Some Orientale Lumen Conference participants speculated on a
      yet-to-be-announced ninth cardinal on the panel—an Eastern Catholic
      prelate, possibly Major Archbishop Sviatoslav Shevchuk of Ukraine.

      ‘Humble, Prayerful’

      For his part, Metropolitan Tikhon found the vision statement’s
      historical description of the Roman Catholic and Orthodox understanding
      of primacy and the status of the pope of Rome to be “very well laid
      out.” He said he met Pope Francis briefly after his inaugural Mass in March.

      “I was blessed this year to attend the inauguration of Pope Francis and
      be present for that historic moment when the presence and words of
      Bartholomew, to be in the room together with them as they greeted each
      other and briefly greet Francis,” Tikhon told the gathering of some 60
      Orthodox and Catholic lay persons, religious, priests, and bishops.
      “We’d decided to offer him an appropriate gift—a prayer rope and icon of
      the Mother of God. We didn’t exchange many words, but I sensed a genuine
      love for Christ, for the Mother of God and a common sense of our need to
      ground ourselves in prayer and in our mutual seeking for that personal
      union with Christ because this is that which modern man seeks, the
      healing of his soul, which is broken and divided, affecting our hearts,
      minds and bodies. There can be no external unity without an equally
      solid effort toward the healing of our hearts, healing of the brokenness
      in our own communities.”

      Tykhon said Francis’ election gives him hope for improved relations
      between Catholics and Orthodox, “but I don’t have much to base it on.
      The papacy is just beginning. The initial impression I have is very
      positive, more based on a personal sense, which I think is important,
      but as far as there being any changes or official policy I don’t have
      any insights into the inner workings of the Vatican or any of that. But
      it’s always hopeful when there’s a humble, prayerful man leading the
      Church.”

      In a brief interview with Aleteia, the head of the Orthodox Church in
      America quipped, “I guess it depends on who gets his ear. He seems
      humble, which is always a good sign.”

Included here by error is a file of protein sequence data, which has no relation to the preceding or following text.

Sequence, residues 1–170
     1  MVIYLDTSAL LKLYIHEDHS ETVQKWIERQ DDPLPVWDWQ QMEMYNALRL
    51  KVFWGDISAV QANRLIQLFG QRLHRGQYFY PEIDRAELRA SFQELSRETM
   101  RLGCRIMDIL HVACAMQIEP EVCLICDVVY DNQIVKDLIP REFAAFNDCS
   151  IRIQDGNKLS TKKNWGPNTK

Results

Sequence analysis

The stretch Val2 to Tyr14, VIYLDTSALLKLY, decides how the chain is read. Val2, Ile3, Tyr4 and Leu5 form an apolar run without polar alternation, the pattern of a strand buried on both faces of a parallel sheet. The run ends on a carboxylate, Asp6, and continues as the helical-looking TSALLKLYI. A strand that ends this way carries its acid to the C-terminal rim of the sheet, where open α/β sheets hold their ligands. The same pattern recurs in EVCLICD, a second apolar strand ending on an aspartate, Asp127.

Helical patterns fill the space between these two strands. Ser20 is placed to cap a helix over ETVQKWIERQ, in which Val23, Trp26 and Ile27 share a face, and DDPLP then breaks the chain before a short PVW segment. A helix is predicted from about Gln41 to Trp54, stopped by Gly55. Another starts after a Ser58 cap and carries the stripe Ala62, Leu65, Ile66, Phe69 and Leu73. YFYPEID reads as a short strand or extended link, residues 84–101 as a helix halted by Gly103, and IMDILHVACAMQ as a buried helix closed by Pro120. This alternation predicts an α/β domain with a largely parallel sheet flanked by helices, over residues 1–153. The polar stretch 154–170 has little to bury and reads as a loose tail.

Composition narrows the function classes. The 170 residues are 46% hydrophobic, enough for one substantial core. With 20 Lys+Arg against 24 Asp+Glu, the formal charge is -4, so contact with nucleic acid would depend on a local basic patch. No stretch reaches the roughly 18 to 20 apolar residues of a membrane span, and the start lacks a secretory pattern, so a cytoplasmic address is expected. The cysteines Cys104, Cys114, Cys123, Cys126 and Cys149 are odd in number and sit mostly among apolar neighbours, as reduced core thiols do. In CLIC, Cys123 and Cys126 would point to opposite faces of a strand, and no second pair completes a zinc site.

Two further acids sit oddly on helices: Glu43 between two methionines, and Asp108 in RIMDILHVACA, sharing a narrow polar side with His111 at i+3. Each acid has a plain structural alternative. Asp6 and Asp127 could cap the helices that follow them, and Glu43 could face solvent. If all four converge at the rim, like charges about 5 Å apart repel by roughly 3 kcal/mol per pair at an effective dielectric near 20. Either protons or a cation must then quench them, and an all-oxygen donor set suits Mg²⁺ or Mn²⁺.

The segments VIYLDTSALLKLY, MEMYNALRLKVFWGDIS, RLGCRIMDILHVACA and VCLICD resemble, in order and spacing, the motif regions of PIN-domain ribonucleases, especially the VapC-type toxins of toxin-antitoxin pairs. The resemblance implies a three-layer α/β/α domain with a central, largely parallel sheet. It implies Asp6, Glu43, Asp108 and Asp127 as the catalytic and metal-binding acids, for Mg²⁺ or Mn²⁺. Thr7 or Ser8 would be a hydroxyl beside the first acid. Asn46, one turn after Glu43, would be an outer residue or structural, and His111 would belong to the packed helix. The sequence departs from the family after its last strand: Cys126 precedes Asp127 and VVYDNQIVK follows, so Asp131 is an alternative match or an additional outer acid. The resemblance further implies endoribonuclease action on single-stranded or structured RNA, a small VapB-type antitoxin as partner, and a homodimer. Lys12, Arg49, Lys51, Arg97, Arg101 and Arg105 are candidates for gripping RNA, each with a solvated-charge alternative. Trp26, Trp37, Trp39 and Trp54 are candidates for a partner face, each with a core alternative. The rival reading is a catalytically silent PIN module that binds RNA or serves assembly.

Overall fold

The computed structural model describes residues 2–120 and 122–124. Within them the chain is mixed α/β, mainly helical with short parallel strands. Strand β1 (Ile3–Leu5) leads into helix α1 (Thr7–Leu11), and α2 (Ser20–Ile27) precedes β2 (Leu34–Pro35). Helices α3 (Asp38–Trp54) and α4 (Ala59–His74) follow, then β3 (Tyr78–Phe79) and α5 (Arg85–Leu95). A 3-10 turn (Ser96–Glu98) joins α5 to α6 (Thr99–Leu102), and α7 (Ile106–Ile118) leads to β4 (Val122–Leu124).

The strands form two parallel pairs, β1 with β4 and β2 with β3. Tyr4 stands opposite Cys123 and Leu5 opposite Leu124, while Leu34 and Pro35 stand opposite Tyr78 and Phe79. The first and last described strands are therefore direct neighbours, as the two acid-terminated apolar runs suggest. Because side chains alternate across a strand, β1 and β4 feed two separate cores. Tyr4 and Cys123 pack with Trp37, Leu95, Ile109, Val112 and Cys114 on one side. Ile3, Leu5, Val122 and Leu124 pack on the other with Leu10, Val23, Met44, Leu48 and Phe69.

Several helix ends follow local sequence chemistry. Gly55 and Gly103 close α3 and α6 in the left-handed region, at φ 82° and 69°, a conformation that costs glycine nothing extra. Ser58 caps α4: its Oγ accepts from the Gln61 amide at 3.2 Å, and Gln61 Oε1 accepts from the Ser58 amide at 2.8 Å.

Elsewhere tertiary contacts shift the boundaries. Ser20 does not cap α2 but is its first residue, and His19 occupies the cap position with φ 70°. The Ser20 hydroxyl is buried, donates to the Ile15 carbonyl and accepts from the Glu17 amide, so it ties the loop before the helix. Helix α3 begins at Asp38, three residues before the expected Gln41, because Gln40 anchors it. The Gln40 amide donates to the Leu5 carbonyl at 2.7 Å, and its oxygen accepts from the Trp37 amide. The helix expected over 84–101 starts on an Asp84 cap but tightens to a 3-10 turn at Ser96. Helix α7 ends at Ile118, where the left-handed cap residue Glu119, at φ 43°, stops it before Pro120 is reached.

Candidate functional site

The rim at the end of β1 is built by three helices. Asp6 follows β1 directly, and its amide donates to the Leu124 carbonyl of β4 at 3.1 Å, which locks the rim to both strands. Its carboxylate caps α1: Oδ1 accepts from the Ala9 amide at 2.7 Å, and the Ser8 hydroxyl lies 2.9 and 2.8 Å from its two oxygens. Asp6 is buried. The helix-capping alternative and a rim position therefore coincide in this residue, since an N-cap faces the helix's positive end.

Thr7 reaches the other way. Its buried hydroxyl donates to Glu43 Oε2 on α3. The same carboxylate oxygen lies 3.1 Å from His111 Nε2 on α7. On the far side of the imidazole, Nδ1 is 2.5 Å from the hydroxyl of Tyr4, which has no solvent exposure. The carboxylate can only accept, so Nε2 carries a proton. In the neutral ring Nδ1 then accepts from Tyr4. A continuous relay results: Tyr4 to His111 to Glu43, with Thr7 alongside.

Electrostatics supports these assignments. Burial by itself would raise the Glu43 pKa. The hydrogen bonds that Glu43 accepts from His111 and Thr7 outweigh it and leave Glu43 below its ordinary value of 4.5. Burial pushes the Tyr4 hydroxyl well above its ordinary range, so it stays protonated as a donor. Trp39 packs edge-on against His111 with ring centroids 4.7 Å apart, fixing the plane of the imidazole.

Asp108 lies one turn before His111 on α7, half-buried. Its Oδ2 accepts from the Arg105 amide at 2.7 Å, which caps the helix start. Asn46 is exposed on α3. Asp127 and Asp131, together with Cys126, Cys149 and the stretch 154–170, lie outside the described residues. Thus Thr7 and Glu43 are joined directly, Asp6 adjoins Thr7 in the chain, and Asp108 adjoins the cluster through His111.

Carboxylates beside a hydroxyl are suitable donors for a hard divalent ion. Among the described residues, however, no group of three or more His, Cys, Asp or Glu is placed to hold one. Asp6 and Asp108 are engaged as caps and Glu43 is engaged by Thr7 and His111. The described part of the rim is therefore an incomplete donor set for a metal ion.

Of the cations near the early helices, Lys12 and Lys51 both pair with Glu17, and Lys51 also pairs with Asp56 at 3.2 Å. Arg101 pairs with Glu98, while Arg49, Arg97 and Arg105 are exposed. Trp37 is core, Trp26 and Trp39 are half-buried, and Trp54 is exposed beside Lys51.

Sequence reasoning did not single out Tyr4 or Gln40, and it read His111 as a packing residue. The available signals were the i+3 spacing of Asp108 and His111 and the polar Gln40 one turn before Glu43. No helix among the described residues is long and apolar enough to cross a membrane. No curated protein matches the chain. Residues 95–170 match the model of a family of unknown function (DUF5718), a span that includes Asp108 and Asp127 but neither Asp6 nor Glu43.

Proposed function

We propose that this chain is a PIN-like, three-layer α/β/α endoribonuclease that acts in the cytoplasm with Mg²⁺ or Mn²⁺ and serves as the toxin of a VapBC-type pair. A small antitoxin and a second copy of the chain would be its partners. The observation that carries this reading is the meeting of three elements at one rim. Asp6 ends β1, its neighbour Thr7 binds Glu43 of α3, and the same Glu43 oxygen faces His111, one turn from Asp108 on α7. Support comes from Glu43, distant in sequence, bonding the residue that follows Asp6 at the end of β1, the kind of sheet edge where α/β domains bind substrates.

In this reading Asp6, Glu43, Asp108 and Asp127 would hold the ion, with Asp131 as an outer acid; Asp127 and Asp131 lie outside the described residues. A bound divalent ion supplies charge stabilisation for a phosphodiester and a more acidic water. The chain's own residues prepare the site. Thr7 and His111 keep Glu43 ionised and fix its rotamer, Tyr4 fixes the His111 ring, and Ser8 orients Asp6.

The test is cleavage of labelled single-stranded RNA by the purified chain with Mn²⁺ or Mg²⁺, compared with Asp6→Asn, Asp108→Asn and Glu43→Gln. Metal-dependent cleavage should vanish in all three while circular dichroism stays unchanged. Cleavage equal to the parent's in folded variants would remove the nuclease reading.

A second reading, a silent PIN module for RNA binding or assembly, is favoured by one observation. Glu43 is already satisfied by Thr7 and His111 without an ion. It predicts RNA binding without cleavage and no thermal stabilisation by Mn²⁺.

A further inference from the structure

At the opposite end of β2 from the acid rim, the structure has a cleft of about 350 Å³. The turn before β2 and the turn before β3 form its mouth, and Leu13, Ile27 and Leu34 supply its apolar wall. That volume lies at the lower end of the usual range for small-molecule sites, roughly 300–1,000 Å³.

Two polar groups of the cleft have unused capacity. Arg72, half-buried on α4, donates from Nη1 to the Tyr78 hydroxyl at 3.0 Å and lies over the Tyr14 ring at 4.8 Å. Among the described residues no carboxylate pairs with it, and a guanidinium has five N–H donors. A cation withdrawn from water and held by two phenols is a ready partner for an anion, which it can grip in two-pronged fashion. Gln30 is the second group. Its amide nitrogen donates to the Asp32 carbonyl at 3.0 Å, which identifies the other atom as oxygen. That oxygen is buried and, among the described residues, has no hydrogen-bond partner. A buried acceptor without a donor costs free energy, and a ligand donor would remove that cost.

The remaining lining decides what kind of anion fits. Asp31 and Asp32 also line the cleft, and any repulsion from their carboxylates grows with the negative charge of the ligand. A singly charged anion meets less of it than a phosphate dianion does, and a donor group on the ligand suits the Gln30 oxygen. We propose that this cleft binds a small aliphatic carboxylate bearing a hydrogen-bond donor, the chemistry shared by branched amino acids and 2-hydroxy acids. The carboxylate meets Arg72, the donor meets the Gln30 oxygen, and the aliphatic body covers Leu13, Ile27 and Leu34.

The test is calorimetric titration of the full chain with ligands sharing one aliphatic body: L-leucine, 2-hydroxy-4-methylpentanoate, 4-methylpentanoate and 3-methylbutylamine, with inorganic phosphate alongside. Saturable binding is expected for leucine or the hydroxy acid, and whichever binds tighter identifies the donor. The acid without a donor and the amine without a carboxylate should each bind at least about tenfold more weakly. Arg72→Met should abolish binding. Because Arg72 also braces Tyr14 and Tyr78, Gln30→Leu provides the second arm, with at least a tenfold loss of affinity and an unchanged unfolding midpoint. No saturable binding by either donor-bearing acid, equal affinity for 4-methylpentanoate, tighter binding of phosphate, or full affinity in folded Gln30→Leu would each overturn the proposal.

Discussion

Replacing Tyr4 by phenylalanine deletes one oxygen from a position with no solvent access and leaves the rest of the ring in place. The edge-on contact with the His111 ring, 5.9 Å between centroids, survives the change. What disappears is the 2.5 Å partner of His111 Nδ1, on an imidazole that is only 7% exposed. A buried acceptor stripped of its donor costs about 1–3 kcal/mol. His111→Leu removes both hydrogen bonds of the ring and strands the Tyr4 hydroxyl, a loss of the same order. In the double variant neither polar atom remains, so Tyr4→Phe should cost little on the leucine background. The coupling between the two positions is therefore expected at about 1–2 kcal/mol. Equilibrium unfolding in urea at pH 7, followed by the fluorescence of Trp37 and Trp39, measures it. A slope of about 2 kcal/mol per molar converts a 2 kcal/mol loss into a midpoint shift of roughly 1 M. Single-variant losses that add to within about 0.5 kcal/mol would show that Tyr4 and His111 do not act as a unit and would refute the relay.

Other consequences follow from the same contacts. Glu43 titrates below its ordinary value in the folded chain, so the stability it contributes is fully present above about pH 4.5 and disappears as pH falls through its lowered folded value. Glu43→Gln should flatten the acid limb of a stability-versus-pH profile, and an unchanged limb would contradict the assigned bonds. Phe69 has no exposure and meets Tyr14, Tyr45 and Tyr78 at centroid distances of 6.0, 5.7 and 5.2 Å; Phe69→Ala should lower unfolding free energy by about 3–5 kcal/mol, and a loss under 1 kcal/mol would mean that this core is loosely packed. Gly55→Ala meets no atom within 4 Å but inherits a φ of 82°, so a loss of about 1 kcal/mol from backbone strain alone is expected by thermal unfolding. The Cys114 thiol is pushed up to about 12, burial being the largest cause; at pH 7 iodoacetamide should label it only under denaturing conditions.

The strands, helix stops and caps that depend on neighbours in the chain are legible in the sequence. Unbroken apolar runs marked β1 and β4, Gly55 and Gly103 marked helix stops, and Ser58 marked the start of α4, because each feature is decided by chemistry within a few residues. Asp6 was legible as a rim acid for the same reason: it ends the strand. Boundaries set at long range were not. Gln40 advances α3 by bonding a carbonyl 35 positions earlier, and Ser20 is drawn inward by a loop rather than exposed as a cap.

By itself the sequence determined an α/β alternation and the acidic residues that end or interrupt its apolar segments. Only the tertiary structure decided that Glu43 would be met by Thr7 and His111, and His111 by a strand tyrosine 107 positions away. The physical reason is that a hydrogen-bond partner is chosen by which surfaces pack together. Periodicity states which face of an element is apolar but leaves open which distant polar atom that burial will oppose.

The Ecumenical Patriarch

      Patriarch Bartholomew’s attendance at the Pope’s inaugural Mass also
      “was very significant,” said Father FitzGerald. “I don’t know how that
      happened, but somehow the Patriarch was invited to be there or invited
      himself. The very fact that he was there and played a prominent role,
      after the installation, especially, [was noteworthy]. I think it was
      significant that the new Pope recognized that the relationship with the
      Orthodox was significant, in some sense preeminent.”

      Father Taft said, “Nothing like that happens in Rome by chance,” while
      Father Griffith said that he’s heard from “people in the dicastery for
      Christian unity that no one is invited to these events. It’s always,
      ‘Let us know if you’re coming.’ But something had to happen to
      coordinate that, and that’s something that’s not been revealed to mere
      mortals.” One attendee at the conference found another gesture to be
      significant. Joseph Bernard, a member of a Byzantine Catholic parish in
      Virginia Beach, Va., said in an interview that just before Pope Francis
      celebrated Mass to begin his ministry, he visited the tomb of St. Peter
      in the crypt of the basilica that bears his name. “And who met him
      there? All his brother patriarchs and major archbishops of the Catholic
      Church,” Bernard said. These patriarchs and major archbishops lead, for
      example, the Ukrainian Greek Catholic Church, the Chaldean Church and
      others and are in a way similar to the patriarchs of the various
      Orthodox Churches.

      Said Bernard, “He understands he is one with them. I really like the way
      the guy is thinking.”